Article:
Adjacent the large drum is a fixing unit as which may be a heater lamp (not shown) or a series of fine resistance wires 62 which may be connected to a voltage source (not shown). The heating unit 60 fuses the developing powder into the web 12 and thus makes the recorded copy permanent.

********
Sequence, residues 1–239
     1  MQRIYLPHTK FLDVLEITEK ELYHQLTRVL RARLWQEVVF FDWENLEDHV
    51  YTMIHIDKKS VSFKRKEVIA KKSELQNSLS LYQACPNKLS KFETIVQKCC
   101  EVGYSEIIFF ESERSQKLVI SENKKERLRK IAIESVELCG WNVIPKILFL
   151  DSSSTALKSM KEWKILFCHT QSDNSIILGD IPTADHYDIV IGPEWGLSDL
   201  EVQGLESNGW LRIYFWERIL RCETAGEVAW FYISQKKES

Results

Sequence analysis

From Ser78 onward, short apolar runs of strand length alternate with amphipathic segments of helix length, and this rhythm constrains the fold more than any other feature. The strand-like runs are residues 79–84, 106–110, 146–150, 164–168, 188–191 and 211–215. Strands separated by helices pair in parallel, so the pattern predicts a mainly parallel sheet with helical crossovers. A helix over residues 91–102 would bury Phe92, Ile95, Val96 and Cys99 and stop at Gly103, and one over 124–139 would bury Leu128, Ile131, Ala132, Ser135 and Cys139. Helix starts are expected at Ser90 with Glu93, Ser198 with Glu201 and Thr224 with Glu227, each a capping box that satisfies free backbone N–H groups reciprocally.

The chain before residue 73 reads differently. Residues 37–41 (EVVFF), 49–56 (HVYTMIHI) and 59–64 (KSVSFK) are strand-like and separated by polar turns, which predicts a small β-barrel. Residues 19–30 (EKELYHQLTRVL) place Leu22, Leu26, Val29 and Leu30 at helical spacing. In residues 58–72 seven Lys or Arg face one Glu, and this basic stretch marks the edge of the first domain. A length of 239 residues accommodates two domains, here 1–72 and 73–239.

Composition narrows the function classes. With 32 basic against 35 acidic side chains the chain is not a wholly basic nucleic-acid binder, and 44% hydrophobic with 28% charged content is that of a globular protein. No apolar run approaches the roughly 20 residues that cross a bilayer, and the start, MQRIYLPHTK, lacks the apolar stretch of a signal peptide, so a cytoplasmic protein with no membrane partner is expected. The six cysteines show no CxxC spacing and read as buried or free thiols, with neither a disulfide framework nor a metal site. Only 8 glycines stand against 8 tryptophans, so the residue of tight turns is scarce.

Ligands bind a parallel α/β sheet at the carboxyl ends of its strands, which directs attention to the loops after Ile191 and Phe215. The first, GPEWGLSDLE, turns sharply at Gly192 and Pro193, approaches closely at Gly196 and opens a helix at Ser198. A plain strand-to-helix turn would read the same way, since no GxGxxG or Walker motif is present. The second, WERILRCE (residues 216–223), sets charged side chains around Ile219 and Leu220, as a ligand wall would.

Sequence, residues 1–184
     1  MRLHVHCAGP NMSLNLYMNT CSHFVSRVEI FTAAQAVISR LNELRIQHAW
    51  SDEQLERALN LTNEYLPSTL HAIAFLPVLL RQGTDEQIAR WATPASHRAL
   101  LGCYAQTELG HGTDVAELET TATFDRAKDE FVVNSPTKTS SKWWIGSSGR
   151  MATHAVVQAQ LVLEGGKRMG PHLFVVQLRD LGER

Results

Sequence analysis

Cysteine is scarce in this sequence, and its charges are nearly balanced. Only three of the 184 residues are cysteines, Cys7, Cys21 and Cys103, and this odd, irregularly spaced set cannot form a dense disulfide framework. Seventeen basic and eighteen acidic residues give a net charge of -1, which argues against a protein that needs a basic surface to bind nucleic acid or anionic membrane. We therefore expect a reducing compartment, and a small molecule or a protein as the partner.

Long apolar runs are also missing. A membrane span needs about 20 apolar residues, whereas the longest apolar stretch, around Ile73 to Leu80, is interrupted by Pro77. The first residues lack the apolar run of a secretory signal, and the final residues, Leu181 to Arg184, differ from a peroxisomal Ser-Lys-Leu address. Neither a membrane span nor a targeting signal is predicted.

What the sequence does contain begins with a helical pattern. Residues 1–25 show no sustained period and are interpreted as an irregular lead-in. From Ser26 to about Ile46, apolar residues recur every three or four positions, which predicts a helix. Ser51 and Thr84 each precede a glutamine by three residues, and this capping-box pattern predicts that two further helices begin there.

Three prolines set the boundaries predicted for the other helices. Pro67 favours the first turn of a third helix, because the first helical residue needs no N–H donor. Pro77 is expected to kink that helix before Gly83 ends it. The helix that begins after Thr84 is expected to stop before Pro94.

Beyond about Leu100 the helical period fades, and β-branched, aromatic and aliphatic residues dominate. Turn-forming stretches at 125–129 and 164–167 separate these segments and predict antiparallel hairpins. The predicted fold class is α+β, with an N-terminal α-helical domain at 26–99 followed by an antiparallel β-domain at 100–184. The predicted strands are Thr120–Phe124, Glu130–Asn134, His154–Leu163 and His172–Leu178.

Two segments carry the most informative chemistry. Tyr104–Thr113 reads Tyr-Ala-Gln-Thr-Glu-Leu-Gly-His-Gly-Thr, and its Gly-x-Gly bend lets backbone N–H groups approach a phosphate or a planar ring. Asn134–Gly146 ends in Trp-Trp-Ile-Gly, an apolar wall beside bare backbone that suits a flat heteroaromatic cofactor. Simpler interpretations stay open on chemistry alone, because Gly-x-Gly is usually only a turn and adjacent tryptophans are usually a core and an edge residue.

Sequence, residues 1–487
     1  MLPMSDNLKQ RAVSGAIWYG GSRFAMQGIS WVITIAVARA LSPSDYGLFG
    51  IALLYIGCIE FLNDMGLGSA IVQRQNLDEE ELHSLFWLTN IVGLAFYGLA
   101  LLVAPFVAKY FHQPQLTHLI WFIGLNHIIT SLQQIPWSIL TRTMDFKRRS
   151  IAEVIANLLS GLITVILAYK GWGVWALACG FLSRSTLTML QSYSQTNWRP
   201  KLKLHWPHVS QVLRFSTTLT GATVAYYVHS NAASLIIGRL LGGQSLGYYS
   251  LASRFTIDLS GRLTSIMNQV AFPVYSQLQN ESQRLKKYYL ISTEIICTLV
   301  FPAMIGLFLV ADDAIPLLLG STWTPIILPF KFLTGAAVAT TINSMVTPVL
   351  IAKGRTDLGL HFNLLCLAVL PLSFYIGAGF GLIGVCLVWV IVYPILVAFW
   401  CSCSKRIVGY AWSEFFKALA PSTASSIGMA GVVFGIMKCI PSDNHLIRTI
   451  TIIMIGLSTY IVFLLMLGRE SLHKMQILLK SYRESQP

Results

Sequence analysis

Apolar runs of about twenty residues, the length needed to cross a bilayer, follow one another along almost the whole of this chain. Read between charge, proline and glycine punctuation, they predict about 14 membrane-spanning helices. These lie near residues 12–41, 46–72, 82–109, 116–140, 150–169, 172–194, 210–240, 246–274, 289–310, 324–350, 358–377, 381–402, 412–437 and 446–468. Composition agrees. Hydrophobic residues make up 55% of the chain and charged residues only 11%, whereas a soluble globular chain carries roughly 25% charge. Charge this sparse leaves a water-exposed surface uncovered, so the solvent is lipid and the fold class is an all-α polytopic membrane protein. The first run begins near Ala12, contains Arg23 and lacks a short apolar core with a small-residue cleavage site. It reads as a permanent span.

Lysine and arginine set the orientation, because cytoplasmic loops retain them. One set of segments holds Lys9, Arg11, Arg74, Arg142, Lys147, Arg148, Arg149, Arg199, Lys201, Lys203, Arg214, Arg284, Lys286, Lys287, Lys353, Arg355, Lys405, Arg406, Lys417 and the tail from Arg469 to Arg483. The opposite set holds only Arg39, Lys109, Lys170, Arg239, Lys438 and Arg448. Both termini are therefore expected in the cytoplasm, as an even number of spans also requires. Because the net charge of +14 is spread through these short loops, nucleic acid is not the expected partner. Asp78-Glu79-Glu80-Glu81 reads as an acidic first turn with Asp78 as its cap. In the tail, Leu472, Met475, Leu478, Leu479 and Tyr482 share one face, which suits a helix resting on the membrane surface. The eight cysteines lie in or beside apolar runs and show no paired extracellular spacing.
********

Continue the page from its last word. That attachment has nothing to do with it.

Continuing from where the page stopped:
Reference will now be made to Figure 3 of the drawing which shows an elevational view of the novel powder cloud generator described in connection with Figure 1. There is shown in Figure 3 a view of the hollow plush covered roller d4 which surrounds the developing powder hopper 42 of the novel powder cloud generator 39. The hollow cylinder 44 is provided with alternate helices consisting of a plush tape 64 wound there around and a series of perforations 65 in the cylinder. The plus tape 64 is cemented or otherwise secured around the drum 44 between the helical rows of perforations 65 longitudinally of the drum. Both ends of the hollow drum 44 are covered. The end cover 66 is or may be a solid member of Bakelite or other similar material having a shaft 68 on one side thereof and integral therewith and a bearing seat 7 0 opp 0- site the shaft 68. The opposite end of the drum 44 has an end cover 72 fastened therein. The cover 72 is drilled to receive the shaft 74. Shaft 74 is retained in the support member 76 by means of the screw '78 in such fashion that the shaft '74 is not permitted to be rotated or moved. The shaft 6-? is rotatably disposed in the support 81 through the aperture 82 therein and is connected to a driving means 84 which may, for example, be a pulley or other well known driving mechanism (not shown). Drive means 84 is operated by suitable transmission means from the drive roll 14. A series of bolts 86 retain the end covers 66 and 72 to the cylinder 44. Adjacent the lower portion of the rotatable cylinder 44 is a shield member 88 which prevents excess developing powder from being otherwise scattered beyond the confines of the recorder.